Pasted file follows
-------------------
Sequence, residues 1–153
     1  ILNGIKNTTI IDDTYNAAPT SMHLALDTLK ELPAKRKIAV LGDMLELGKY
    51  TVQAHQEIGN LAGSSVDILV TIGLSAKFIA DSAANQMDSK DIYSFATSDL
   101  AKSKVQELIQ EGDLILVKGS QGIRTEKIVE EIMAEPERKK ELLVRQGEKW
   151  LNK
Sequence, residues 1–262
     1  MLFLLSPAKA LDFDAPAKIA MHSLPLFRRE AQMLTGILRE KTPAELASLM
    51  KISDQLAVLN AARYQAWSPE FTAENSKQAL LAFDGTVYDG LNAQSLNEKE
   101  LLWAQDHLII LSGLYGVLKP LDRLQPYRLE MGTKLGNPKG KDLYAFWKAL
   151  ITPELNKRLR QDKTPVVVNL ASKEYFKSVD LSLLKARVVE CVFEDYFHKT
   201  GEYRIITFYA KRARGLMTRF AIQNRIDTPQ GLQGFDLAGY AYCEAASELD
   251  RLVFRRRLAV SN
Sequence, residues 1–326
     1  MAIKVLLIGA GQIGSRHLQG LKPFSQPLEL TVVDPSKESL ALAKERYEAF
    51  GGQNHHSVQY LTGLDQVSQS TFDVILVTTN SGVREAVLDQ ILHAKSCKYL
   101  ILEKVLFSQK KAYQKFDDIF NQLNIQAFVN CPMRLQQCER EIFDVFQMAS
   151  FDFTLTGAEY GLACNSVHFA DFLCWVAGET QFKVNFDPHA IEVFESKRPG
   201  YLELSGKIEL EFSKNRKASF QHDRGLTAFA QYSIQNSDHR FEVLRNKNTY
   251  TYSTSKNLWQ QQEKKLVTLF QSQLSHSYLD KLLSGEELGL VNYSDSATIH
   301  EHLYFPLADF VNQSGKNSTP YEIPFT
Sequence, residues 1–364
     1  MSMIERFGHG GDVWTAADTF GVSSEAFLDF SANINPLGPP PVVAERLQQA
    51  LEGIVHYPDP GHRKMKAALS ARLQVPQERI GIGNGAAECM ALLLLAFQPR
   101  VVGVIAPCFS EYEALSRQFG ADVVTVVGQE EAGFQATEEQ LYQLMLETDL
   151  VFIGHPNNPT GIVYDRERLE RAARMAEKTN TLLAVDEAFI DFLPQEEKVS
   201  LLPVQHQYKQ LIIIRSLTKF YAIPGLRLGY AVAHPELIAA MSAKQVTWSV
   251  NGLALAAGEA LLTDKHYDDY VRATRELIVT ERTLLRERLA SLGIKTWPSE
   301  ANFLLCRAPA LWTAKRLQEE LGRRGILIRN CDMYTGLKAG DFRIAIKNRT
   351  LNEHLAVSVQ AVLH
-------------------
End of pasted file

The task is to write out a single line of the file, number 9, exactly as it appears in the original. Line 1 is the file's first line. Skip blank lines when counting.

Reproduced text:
   101  LLWAQDHLII LSGLYGVLKP LDRLQPYRLE MGTKLGNPKG KDLYAFWKAL